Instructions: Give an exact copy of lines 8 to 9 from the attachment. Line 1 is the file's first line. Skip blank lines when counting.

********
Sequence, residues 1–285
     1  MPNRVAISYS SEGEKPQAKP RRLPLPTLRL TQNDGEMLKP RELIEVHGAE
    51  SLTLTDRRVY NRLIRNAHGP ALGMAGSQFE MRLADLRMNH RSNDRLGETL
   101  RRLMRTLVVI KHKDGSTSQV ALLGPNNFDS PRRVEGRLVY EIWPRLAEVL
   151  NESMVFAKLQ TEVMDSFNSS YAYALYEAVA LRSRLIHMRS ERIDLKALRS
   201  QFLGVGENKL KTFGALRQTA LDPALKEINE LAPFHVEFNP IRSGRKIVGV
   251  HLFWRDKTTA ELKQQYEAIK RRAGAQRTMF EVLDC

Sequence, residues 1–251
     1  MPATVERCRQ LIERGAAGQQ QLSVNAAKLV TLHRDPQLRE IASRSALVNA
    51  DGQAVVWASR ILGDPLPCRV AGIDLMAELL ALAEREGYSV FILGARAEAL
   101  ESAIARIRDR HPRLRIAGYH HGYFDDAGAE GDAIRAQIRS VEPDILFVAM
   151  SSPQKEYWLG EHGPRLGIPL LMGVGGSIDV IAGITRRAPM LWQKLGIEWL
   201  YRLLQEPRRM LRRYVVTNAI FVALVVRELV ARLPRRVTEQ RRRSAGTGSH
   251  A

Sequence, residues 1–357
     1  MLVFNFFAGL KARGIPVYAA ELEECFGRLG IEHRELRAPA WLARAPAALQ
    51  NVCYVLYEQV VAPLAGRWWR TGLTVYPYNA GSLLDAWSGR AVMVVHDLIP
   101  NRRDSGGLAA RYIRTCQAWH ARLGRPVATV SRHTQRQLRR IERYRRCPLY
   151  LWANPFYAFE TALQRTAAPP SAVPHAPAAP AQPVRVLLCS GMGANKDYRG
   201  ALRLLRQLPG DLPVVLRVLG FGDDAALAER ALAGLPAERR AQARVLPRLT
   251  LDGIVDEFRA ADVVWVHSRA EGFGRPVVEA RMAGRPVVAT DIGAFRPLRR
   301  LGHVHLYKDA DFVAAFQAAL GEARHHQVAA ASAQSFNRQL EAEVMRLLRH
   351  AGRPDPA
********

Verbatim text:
Sequence, residues 1–251
     1  MPATVERCRQ LIERGAAGQQ QLSVNAAKLV TLHRDPQLRE IASRSALVNA